"The good news is that the report quantifies the risks, and pinpoints particularly vulnerable areas in good time for effective action to be taken," Dr. Laderach continued. "Producers in affected areas will be protected if they are prepared to change, and if they have the knowledge, tools and institutional support to help them adapt." Farmers in the major cocoa-producing areas of Cote d'Ivoire and Ghana are particularly vulnerable since cocoa production is often their primary source of income.

Dr. Laderach and his colleagues offer a number of recommendations about the development and implementation of adaptation strategies to help address progressive climate change.

Click here for the link to the CIAT report.
Three US-based companies join the RSPO
The US has made significant headway at the Roundtable on Sustainable Palm Oil (RSPO) as three US-headquartered global companies became members of the multi-stakeholder initiative. Retailer Walmart, confectionery producer The Hershey Company and financial services leader Citigroup recently joined RSPO's 650 member organizations from 50 countries worldwide.

The RSPO aims to promote the growth and use of sustainable palm oil in the world.

Source: RSPO, 01 August 2011, http://www.rspo.org
Bud rot disease threatens oil palm sector
Malaysia’s oil palm industry is on alert for the bud rot disease that has wiped out some 50,000 ha of oil palm estates in South America. Although no cure has yet to be found, Dr Ahmad Kushairi Din, Malaysian Palm Oil Board (MPOB) deputy director-general said Malaysian planters should not panic. "We’re taking proactive measures from prevention to control should there be any contamination. Our stringent quarantine controls have always been in place.” he added. The country will soon be sending a team of agronomists to South America to study the disease.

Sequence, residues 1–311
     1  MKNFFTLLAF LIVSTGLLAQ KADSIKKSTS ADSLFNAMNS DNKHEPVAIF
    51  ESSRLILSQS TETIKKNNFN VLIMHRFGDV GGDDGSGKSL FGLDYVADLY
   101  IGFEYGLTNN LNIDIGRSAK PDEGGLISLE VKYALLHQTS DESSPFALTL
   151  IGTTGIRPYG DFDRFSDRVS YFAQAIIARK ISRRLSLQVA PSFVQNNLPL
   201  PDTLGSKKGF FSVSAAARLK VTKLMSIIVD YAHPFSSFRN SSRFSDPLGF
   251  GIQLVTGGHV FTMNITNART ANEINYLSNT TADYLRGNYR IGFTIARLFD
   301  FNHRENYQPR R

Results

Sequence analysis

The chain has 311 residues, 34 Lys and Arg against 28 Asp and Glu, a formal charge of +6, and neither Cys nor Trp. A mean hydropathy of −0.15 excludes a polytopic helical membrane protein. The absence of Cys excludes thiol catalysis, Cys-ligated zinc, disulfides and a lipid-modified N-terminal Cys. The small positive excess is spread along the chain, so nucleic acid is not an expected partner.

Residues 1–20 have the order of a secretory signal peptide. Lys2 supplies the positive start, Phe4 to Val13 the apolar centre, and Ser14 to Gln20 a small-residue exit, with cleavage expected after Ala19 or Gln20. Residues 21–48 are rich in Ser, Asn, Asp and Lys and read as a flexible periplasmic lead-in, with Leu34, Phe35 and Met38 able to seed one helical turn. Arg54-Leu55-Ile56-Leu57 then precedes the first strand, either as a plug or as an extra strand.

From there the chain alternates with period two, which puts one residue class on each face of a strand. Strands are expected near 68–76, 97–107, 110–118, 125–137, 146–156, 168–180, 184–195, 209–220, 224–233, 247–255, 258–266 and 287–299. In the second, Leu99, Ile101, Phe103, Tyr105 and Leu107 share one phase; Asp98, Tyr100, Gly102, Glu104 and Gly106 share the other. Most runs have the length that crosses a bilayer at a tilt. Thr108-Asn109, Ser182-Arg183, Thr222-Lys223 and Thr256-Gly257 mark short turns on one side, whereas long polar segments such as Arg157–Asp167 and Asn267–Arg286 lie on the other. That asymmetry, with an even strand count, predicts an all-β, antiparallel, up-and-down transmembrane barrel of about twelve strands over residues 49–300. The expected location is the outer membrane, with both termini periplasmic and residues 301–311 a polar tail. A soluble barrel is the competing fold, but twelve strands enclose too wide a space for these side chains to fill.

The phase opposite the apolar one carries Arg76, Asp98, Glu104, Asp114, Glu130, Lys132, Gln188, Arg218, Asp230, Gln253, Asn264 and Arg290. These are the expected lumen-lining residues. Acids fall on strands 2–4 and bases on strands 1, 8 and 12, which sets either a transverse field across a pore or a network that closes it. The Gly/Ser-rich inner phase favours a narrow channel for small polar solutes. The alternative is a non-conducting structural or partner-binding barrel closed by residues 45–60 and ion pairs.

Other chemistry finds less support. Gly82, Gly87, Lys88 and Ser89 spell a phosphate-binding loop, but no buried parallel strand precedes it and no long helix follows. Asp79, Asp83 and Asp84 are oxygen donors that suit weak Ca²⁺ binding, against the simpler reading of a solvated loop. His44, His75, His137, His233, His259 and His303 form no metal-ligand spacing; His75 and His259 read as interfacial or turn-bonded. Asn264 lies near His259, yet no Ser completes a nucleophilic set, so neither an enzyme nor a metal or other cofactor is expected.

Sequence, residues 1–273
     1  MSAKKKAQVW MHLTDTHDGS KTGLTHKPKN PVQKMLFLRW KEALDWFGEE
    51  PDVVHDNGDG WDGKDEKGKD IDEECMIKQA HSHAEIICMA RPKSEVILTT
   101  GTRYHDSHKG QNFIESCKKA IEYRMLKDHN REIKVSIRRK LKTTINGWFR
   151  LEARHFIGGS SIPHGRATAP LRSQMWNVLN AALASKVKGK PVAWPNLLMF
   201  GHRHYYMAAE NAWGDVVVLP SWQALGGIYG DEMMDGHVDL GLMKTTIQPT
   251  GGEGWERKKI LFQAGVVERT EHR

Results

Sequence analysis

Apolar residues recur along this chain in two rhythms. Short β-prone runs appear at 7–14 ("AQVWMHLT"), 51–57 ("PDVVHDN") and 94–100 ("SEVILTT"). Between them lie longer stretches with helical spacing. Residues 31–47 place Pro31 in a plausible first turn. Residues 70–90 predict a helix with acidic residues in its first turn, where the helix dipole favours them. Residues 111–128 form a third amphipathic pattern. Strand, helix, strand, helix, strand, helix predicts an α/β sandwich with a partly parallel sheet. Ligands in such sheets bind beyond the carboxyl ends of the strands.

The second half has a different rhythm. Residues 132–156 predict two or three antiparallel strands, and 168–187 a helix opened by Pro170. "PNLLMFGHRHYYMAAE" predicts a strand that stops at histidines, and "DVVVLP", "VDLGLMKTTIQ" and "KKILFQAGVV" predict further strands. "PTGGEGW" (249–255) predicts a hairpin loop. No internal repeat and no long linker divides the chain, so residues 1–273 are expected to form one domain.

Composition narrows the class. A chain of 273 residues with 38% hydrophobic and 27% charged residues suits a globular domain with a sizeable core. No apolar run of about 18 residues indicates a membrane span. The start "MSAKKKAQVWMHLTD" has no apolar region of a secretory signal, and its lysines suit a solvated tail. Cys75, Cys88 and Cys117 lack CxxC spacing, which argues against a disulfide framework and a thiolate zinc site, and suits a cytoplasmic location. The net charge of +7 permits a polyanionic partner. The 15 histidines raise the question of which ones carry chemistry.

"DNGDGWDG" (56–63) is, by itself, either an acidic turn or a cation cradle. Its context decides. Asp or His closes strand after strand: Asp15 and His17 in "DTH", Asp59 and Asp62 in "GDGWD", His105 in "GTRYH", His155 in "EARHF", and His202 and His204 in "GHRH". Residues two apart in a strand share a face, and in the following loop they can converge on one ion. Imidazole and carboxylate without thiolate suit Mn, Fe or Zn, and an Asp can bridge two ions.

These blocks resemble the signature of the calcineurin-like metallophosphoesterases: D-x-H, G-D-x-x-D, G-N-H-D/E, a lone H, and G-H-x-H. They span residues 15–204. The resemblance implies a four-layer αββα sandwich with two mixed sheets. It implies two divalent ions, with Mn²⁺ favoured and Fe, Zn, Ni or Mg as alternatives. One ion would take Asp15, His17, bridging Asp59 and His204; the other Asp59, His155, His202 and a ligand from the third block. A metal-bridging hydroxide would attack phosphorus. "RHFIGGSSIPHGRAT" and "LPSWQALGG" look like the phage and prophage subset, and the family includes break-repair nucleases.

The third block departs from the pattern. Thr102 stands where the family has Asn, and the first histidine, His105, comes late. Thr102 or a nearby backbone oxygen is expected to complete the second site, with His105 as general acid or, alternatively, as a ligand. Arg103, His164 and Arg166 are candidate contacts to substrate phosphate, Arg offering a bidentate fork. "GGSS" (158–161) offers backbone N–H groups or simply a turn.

Kushairi, who is also International Society For Oil Palm Breeders president, explained that the bud rot disease is caused by a microbe called Phytophthora palmivora. The bud rot disease can spread very quickly because the pathogen is able to swim in water. It thrives in a very humid and cloudy environment.

MPOB has signed a research agreement with Cenipalma, the research institute of the Colombian Palm Oil Growers Association. Colombia, the oil palm hub in South America, has 350,000 ha planted with oil palms. It is the fifth largest oil palm country in the world after Indonesia, Malaysia, Thailand and Nigeria. The bud rot disease has now spread to Panama, Suriname, Brazil and Ecuador.

Source: Business Times, 21 November 2011, http://www.btimes.com.my
"Green" palm oil demand growing, but not fast enough - WWF
Manufacturers and retailers in Europe, Australia and Japan are buying more eco-friendly palm oil compared to two years ago, but more firms need to display a stronger commitment to preserving forests.